Health insurers are again under scrutiny for billing practices as they buff their public image amid heated healthcare reform talks on Capitol Hill.
Insurers feel heat again
Hearing focuses on billing and marketing practices
Leaders of a key Senate committee last week blasted insurers for their use of Ingenix databases to price out-of-network physician claims. As of June 18, all 12 insurers operating in New York state have settled with state Attorney General Andrew Cuomo over the use of Ingenix databases, and agreed to participate in a new not-for-profit substitute.
But Sen. Jay Rockefeller (D-W.Va.), chairman of the Senate Commerce, Science and Transportation Committee, said in a new report that health insurers operating outside of New York are using faulty data from Ingenix, a UnitedHealth Group subsidiary, to price claims unfairly.
When insurance companies fail to meet their obligations to these people, it literally becomes a matter of life and death, Rockefeller said at a committee hearing.
The senator introduced a bill in May that would set federal standards for health insurance forms and tighter marketing rules for out-of-network coverage in group and individual health insurance markets. The bill would also establish a federal Office of Health Insurance Oversight to conduct compliance examinations and audits on insurers practices.
At a separate hearing convened by Rockefeller in March, UnitedHealth CEO Stephen Hemsley told the committee that Ingenix operates in a consistent fashion, to high standards of performance.
The star witness to testify before the committee last week was Wendell Potter, the former chief spokesman for Cigna Corp., and previously Humana. Potter said he is exposing how big for-profit insurers have hijacked our healthcare system and turned it into a giant ATM for Wall Street investors.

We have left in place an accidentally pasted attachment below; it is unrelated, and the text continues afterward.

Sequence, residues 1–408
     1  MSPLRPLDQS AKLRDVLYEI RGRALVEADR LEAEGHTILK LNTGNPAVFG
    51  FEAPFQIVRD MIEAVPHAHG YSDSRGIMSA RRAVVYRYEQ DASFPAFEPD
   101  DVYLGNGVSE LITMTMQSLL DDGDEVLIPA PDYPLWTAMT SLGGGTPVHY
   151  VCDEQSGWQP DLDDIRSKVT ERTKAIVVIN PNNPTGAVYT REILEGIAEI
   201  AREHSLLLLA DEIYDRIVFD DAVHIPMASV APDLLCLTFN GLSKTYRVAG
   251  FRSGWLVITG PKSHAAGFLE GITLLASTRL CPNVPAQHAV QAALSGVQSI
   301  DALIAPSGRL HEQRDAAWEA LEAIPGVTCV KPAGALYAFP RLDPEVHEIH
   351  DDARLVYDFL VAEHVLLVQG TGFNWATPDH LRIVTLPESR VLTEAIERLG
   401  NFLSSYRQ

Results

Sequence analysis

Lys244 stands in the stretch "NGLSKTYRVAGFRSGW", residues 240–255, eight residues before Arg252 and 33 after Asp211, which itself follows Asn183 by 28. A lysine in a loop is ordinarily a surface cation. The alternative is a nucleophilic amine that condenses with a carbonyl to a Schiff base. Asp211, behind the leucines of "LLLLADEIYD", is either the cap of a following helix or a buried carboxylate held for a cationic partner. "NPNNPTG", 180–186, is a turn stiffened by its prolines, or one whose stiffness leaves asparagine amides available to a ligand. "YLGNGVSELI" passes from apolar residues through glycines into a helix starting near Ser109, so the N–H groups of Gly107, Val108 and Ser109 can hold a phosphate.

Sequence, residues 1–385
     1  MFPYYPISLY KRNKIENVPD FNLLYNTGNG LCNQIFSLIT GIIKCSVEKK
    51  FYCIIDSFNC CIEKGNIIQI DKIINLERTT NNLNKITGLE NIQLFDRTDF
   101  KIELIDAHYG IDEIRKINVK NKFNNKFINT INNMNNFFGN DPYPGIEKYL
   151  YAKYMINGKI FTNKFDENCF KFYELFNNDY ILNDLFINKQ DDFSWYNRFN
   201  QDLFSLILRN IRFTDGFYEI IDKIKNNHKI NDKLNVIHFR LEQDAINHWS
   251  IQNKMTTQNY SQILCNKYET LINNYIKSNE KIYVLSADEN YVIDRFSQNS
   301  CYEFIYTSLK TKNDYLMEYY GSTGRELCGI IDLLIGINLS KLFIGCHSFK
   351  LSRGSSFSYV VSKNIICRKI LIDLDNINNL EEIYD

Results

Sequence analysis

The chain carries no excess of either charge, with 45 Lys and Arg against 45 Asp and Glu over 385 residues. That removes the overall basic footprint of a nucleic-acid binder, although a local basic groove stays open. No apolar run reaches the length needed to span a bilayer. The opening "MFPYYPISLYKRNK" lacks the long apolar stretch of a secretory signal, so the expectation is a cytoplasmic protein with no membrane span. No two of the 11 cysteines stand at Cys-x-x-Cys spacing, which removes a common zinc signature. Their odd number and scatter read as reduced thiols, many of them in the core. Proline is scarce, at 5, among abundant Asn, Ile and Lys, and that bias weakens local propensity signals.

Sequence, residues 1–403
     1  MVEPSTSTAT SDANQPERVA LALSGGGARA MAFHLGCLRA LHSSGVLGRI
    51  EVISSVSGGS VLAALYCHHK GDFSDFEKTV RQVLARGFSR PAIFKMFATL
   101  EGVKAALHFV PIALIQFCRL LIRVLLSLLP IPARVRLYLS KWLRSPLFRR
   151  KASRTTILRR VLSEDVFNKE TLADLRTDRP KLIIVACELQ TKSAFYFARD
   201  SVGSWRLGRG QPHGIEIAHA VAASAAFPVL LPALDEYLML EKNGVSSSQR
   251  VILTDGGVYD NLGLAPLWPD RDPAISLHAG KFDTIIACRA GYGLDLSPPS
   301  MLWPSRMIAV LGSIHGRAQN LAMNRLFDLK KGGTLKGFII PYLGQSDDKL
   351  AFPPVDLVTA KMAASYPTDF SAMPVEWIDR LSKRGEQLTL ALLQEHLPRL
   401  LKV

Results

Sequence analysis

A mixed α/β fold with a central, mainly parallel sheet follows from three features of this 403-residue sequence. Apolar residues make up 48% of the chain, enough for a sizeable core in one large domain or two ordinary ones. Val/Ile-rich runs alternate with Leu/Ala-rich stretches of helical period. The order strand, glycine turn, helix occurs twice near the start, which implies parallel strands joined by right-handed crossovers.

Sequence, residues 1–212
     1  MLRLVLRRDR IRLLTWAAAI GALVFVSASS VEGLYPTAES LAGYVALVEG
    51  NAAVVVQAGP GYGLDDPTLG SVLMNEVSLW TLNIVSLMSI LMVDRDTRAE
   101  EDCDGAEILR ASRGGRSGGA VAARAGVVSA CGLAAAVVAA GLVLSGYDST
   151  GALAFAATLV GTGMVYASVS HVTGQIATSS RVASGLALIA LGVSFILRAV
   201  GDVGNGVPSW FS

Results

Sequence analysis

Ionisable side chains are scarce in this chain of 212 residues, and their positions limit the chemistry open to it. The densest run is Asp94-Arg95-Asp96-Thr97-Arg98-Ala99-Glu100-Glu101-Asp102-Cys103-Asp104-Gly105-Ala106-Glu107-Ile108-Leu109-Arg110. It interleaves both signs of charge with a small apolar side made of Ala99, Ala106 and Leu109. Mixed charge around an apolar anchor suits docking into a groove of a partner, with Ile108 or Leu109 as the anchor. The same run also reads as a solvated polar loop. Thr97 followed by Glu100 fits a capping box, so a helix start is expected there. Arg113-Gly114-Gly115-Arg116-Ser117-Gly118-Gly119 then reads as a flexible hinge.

Now a senior fellow on healthcare for the Center for Media and Democracy in Madison, Wis., Potter told the committee that health insurers confuse their customers and dump the sick.
Rockefellers bill, as well as the creation of a public insurance-plan option are critical to making insurers accountable, Potter said. The industry and its backers are using fear tactics, as they did no 1994, to tar a transparent, publicly accountable healthcare option as a government-run system, Potter testified. But what we have today is a Wall Street-run system that has proven itself an untrustworthy partner to its customer, to the doctors and hospitals who deliver care, and to the state and federal governments that attempt to regulate it.
In response, Chris Curran, spokesman for Cigna and Potters replacement in the job, said in an e-mail that we strongly disagree with the suggestion that, motivated by profits, the insurance industry has deliberately attempted to confuse or unfairly treat covered individuals.
Send us a letter
Have an opinion about this story? Click here to submit a Letter to the Editor, and we may publish it in print.